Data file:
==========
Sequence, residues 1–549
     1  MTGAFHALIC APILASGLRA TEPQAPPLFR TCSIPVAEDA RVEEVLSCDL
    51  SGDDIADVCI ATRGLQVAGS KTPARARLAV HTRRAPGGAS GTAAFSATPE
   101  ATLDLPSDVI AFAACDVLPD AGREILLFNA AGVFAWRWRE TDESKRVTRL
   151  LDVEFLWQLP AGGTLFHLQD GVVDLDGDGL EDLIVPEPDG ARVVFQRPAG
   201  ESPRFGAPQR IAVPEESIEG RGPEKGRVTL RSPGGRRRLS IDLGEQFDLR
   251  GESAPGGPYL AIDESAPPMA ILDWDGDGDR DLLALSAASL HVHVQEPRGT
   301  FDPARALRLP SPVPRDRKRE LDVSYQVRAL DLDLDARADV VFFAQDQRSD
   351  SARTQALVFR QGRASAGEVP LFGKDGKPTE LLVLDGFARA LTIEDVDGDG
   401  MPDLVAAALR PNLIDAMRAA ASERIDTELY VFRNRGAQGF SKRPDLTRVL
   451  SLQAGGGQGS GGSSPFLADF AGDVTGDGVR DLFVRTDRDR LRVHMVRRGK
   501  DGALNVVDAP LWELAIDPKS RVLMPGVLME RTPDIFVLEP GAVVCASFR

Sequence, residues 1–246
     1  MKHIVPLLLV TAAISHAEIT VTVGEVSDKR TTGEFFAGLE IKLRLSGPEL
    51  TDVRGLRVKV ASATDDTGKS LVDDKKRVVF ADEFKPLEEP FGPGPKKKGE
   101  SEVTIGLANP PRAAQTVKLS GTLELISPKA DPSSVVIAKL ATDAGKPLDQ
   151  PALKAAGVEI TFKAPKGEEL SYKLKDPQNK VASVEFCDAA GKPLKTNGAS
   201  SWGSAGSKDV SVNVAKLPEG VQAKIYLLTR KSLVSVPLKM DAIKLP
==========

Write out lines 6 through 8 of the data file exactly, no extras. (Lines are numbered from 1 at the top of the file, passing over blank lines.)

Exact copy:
   201  ESPRFGAPQR IAVPEESIEG RGPEKGRVTL RSPGGRRRLS IDLGEQFDLR
   251  GESAPGGPYL AIDESAPPMA ILDWDGDGDR DLLALSAASL HVHVQEPRGT
   301  FDPARALRLP SPVPRDRKRE LDVSYQVRAL DLDLDARADV VFFAQDQRSD